I can't help wondering if there might be some sort of unintentional parallel between the realty show I described and our medical school and its administration's policy as to which of us will move on and which of us will be invited not to come back next year. Perhaps there will be a lot more to it than our pass/fail grades, whether ranked or not. Suppose that Bimbo or even Kal Penn isn't with us so much to study medicine as to vet out the candidates who might ultimately be too selfish and self-serving to be of benefit to the field of medicine. Perhaps even the professors are fulfilling the roles of moles/spies themselves. They cannot see what is going on from the inside as well as a true insider could, but they still have ample opportunity to observe how we treat one another and how we work together.
My dad say this idea is positively delusional and is a direct result of my having watched too many episodes of House, M.D. In his way of thinking, such would be the case. He went to medical school when education in general was straightforward and it was every man for himself. Grades were based on what an individual knew and could do.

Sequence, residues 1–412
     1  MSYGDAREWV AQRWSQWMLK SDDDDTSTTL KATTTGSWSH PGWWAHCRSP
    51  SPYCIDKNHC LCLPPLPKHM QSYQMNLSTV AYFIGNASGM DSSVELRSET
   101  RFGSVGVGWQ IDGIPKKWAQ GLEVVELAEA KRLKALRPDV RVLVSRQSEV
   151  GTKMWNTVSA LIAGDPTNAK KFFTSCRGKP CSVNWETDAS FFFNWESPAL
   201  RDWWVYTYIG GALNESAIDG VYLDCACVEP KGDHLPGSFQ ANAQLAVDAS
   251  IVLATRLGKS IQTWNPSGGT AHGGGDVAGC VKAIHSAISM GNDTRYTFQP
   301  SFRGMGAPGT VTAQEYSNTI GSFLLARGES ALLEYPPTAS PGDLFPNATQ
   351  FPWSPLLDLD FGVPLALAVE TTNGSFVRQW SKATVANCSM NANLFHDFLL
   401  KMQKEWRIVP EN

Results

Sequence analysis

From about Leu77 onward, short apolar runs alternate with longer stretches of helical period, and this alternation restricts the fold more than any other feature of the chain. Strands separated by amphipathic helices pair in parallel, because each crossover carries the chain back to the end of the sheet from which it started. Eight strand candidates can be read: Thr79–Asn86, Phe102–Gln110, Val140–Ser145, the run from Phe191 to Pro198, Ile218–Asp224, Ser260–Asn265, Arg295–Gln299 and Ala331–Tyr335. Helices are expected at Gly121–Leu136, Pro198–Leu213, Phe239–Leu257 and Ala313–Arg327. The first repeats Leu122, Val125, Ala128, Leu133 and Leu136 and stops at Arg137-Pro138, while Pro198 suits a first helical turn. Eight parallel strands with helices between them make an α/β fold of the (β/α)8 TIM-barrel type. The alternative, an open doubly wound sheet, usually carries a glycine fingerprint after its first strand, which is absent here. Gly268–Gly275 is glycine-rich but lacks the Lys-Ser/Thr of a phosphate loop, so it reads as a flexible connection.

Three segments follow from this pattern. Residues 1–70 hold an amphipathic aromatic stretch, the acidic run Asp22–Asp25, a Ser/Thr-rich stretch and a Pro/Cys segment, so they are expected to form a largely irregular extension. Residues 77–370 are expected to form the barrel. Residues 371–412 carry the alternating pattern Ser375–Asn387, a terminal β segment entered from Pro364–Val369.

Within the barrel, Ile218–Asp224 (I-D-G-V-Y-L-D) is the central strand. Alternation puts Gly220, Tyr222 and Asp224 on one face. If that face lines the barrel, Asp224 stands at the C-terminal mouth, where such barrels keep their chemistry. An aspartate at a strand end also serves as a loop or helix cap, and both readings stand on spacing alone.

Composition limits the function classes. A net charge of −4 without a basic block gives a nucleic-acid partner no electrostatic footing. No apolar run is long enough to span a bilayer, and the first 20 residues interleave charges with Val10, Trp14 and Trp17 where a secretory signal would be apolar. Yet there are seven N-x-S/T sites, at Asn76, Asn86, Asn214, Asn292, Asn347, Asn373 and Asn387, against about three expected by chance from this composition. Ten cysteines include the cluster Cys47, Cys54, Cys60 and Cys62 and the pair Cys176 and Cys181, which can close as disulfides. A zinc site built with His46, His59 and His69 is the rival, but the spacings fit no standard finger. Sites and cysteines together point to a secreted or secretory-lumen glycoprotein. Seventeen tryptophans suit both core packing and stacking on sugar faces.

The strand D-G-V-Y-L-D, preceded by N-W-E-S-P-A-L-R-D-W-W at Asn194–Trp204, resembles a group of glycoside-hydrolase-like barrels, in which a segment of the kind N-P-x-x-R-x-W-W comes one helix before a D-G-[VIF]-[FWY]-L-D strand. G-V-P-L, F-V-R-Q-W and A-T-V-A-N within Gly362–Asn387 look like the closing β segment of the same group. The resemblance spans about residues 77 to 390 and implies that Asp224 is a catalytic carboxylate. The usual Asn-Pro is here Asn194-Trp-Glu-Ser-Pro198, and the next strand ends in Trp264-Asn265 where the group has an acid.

Things have changed since then, though, in that now a much greater emphasis in grading (too much, in my opinion) is placed on group work and not enough on individual accountability. I recognize the importance of possessing the ability to work as part of a group to arrive at a solution. It's probably all the more important now because children do not have the experience of playing together in neighborhoods as they had in previous generations. Any activity in which children are involved today is typically adult-organized and -directed. Today's youth and even young adults have not developed the ability to negotiate, and the effects of such are supposedly far reaching, perhaps even extending so high as the political arena, where today's young politicians no longer possess the ability to step across the aisle to negotiate with the other party to make legislation happen because they never experienced having to negotiate and to work things out as children without an adult mediating every disagreement.